Three local entrepreneurs with long-time ties to Old Mission Peninsula are planning to redevelop the Seven Hills commercial complex on the peninsula’s north end – with a coffee shop, distillery tasting room, retail, health and fitness studios, farmers market, and boutique lodging proposed for the site.
Jay Milliken, Troy Daily, and Jordan Valdmanis have a two-acre commercial property under contract at 13795 Seven Hills Road just north of Devil’s Dive Road, with plans to redevelop the site in 2021. Formerly used for manufacturing, industrial, and commercial/office purposes – a handful of commercial tenants are still on-site – Seven Hills is planned to receive a makeover and infrastructure upgrades and transitioned to “a more community-oriented use,” according to the partners.
Included in the plans is a new coffee shop, with Milliken pointing out the absence of coffee options on Old Mission outside of the Peninsula Market gas station. “Right now, you potentially have to drive 18 miles to get a cup of coffee in Traverse City,” he says. “With all the people working from home, you could have a meeting here in a local communal area. As of now, if you want to meet with someone on the peninsula, you have to go to a bar, which isn’t ideal.”
Other planned uses for the property include a potential distillery tasting room and the addition of a recessed covered outdoor patio for customer use. The partners are in talks to bring a yoga studio to the property, and intend to keep existing tenants Old Mission Massage and Tinker Studio on-site. Highlighting local farmers – either through a dedicated indoor space for daily sales or a weekly summer outdoor market – is also part of the proposal, with additional space available for retail or mixed-use businesses. Milliken says the development will stay within the existing Seven Hills footprint, with some buildings remodeled and others razed to open up more green space.
Project plans also call for 10 lodging rooms on the property, which Milliken says would be marketed to Old Mission residents who have visitors needing a place nearby to stay. While Peninsula Township’s ordinance defines that use as a hotel/motel – the rooms would not be considered a bed-and-breakfast or Airbnb rental – Milliken shies away from the term, calling it a “boutique lodging experience” instead.
“People think of a Motel 6 or Hampton Inn, and that’s so far away from our intention,” he says. “When you just see on paper that someone wants to build a hotel on a residential peninsula, I would question it as well, but we are not trying to build a big hotel. We are using an existing commercially zoned property so residents have rooms for their friends and family. We are not trying to add tourism; the tourism is already there. Our intention with the development is to serve old Mission Peninsula.”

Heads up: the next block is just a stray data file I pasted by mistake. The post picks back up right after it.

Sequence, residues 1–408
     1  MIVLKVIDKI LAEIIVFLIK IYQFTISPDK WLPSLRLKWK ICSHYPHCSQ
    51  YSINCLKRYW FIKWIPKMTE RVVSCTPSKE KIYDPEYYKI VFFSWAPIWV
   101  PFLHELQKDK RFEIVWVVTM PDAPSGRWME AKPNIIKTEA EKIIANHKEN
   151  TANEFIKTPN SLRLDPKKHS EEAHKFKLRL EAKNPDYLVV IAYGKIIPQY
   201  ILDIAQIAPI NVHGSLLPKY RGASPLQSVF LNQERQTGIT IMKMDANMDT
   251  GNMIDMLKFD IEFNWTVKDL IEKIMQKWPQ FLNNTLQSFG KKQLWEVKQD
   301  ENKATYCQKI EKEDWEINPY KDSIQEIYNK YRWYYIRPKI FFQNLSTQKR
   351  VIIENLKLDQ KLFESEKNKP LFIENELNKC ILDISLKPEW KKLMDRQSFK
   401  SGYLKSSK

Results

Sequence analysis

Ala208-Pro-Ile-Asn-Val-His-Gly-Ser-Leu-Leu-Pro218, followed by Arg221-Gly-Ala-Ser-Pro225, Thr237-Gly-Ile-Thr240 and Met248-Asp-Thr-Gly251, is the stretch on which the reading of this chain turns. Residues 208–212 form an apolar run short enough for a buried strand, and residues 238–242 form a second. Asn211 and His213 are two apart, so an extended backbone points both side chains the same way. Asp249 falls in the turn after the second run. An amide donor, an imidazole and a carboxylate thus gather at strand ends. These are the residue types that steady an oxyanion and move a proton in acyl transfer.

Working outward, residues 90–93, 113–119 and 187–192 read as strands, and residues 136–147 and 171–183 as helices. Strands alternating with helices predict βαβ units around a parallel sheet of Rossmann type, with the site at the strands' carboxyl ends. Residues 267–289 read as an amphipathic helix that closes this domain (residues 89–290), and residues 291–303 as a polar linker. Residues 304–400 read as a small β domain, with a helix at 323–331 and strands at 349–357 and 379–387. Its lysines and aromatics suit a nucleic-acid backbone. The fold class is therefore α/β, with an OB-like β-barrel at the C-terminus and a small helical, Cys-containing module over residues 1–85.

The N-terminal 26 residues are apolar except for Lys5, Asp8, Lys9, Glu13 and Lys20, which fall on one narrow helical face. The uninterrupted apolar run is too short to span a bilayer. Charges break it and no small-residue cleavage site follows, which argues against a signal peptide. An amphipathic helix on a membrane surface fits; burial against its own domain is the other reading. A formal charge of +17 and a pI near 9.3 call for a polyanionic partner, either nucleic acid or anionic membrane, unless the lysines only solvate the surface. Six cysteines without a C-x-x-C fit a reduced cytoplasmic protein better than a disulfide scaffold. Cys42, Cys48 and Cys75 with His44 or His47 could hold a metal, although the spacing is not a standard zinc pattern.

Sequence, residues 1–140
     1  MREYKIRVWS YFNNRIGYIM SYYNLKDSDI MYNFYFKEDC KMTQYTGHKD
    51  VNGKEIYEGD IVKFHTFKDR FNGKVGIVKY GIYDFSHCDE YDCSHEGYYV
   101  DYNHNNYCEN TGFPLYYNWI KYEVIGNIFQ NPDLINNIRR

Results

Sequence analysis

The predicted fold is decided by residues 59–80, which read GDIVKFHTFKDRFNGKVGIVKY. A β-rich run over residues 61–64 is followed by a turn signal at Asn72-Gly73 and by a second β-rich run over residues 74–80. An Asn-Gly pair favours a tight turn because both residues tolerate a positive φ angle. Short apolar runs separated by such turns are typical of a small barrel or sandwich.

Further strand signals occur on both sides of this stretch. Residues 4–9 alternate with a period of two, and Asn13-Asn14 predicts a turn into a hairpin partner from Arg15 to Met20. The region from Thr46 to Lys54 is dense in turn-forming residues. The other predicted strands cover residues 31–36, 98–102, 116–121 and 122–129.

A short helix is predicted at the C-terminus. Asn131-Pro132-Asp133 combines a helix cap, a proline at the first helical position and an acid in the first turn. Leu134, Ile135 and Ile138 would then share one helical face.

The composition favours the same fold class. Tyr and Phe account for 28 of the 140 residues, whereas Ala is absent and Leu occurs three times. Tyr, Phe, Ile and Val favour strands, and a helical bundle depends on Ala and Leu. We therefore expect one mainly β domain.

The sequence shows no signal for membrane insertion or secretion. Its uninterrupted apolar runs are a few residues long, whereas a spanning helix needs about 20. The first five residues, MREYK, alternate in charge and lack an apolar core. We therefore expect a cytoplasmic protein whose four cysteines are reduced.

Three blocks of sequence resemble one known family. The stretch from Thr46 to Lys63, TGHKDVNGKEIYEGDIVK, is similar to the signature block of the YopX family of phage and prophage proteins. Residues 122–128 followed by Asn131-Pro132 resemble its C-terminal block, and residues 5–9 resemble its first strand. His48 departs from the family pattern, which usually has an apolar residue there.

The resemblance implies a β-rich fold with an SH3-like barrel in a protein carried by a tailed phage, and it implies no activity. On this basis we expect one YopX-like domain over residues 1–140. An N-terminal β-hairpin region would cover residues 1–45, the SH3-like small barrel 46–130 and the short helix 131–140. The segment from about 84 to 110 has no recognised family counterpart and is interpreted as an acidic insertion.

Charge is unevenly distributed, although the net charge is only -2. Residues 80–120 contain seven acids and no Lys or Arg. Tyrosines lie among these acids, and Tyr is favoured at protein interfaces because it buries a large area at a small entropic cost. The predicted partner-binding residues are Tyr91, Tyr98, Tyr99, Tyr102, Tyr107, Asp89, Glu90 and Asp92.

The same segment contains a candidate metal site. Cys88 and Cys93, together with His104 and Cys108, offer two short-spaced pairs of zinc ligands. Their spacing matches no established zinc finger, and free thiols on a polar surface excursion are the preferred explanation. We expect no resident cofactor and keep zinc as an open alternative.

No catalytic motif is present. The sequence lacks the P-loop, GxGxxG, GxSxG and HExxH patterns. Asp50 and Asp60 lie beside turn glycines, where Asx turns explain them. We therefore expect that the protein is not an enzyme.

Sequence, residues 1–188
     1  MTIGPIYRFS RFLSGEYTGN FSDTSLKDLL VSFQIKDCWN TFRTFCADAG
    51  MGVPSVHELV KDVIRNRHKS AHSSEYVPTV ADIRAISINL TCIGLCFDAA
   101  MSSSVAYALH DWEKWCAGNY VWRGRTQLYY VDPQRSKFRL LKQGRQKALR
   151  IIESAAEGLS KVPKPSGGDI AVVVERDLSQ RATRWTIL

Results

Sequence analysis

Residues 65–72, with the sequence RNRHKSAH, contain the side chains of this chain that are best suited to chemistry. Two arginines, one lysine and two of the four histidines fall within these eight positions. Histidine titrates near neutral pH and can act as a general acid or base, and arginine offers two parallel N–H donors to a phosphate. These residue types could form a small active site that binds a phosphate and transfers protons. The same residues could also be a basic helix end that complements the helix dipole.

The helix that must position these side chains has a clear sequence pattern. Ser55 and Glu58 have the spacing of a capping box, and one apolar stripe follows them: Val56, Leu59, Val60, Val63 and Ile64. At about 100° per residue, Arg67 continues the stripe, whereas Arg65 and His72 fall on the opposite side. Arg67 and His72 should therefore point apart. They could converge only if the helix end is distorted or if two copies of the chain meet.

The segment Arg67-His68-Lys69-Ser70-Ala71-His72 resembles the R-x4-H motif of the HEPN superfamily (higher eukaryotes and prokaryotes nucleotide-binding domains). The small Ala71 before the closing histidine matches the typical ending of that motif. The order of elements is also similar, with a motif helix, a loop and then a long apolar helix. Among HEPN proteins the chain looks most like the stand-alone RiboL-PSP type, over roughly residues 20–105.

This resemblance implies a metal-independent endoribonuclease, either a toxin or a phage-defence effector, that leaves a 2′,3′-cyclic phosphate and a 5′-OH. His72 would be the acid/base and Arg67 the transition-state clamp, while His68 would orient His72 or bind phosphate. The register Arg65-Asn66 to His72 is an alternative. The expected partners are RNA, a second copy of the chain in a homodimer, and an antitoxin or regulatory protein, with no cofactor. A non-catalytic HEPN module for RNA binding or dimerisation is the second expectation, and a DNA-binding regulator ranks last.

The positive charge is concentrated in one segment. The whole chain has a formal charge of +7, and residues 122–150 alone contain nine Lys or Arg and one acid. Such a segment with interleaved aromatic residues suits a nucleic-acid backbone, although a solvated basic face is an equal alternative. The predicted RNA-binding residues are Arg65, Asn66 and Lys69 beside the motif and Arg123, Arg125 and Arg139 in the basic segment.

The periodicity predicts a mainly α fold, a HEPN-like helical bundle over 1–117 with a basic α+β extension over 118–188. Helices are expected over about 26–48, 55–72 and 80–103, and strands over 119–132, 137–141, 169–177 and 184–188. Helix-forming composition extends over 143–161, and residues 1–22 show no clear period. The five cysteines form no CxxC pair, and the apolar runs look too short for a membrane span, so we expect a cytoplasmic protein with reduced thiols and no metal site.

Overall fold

Milliken, who grew up with Valdmanis on the peninsula – where Daily is also a long-time resident – says the development project was born out of a desire of all three partners to create a destination for Old Mission residents. He says the local focus will extend to the types of vendors selected for the complex. “All of our offerings will be well-curated and thought through,” says Milliken. “We’ve made a promise in our mission statement to support local businesses. You won’t see a Starbucks out here. We want to either bring existing local businesses to the peninsula, or new businesses from local entrepreneurs.”
The Seven Hills project still requires township approval for a special use permit (SUP). Milliken says the partners worked with township staff for several months on plans before a public hearing at the planning commission Monday. At the meeting, the partners were caught off guard when they were told their parcel was not big enough for lodging; the township ordinance requires a minimum five-acre parcel. Milliken says the partners had already cleared that with staff and were told a SUP would allow them to move ahead with a smaller parcel. The group was instead told Monday they need to go before the board of zoning appeals, a separate process that could take weeks or months to resolve.
“From day one, township planning and zoning knew our plans, so that was very frustrating,” says Milliken. “But we are absolutely pushing forward. We have every intention of adding something positive and responsible for the Old Mission Peninsula community.” In an email, Peninsula Township Director of Planning Randy Mielnik wrote that “there are certain acreage and other requirements that do not seem to be met on their site for the hotel,” but that township staff “will continue to work with (the partners) on development of their plans as they wish.”
Milliken says the group hopes to open the Seven Hills redevelopment next year, even if that means taking a phased approach or delaying or reconfiguring lodging plans to allow the rest of the center to move forward. “In a perfect scenario we would be open in 2021, or at least getting the improvements done,” says Milliken. “I’ve seen a lot of things change on the peninsula, and some frustration over the way things are done here for projects. But we are the locals. We are the ones who grew up here, and we are the next generation who is going to live and retire here. We know the value of this commercially zoned property and what could be done. We want to make sure some other developer doesn’t come in here with millions of dollars and push something through.”
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